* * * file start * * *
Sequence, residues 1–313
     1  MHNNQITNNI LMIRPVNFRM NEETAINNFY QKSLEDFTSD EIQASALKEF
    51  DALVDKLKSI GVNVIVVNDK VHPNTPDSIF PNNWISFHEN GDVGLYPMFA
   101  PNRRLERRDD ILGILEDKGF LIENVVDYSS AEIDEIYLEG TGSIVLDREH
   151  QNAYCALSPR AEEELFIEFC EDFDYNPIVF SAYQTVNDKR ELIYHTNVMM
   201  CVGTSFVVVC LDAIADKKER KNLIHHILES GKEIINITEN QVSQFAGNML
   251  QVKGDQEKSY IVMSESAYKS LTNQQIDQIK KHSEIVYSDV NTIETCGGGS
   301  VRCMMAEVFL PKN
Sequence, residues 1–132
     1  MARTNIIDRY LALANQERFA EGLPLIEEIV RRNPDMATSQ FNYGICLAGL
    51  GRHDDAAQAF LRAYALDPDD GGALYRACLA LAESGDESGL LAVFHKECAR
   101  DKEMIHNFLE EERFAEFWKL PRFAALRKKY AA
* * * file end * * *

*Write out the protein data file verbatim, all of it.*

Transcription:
Sequence, residues 1–313
     1  MHNNQITNNI LMIRPVNFRM NEETAINNFY QKSLEDFTSD EIQASALKEF
    51  DALVDKLKSI GVNVIVVNDK VHPNTPDSIF PNNWISFHEN GDVGLYPMFA
   101  PNRRLERRDD ILGILEDKGF LIENVVDYSS AEIDEIYLEG TGSIVLDREH
   151  QNAYCALSPR AEEELFIEFC EDFDYNPIVF SAYQTVNDKR ELIYHTNVMM
   201  CVGTSFVVVC LDAIADKKER KNLIHHILES GKEIINITEN QVSQFAGNML
   251  QVKGDQEKSY IVMSESAYKS LTNQQIDQIK KHSEIVYSDV NTIETCGGGS
   301  VRCMMAEVFL PKN
Sequence, residues 1–132
     1  MARTNIIDRY LALANQERFA EGLPLIEEIV RRNPDMATSQ FNYGICLAGL
    51  GRHDDAAQAF LRAYALDPDD GGALYRACLA LAESGDESGL LAVFHKECAR
   101  DKEMIHNFLE EERFAEFWKL PRFAALRKKY AA